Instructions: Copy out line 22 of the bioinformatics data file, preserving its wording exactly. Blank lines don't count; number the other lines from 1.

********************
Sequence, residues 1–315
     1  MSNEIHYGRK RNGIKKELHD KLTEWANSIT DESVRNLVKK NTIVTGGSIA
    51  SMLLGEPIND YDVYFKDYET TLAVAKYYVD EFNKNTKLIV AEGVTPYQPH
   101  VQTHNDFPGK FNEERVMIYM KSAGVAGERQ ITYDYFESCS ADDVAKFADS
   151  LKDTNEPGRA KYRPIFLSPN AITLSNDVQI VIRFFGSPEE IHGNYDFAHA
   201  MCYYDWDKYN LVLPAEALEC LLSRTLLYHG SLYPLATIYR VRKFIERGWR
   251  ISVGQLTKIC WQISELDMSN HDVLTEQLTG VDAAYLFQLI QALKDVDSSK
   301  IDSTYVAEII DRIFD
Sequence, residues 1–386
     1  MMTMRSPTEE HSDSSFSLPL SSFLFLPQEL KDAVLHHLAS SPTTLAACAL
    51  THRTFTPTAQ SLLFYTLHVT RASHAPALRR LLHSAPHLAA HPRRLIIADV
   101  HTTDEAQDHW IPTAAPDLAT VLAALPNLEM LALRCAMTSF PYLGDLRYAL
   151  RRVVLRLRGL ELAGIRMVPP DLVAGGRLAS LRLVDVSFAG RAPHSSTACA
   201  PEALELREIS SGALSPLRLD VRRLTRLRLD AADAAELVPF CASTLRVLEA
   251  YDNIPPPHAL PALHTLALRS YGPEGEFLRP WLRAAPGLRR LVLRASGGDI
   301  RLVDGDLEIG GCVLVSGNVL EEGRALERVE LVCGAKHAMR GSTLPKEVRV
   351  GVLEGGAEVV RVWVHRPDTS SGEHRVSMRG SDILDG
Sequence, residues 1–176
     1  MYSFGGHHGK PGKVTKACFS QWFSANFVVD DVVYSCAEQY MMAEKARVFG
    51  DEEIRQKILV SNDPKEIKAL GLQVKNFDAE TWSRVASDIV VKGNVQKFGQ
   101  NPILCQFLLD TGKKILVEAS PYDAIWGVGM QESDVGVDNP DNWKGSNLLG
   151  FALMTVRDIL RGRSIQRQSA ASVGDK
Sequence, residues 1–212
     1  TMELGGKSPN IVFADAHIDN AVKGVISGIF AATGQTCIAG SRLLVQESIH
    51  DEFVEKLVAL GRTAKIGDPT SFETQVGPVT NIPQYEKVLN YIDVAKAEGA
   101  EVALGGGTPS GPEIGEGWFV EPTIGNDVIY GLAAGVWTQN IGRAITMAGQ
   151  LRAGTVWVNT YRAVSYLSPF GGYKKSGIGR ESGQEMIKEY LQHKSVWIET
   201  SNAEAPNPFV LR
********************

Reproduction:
   151  FALMTVRDIL RGRSIQRQSA ASVGDK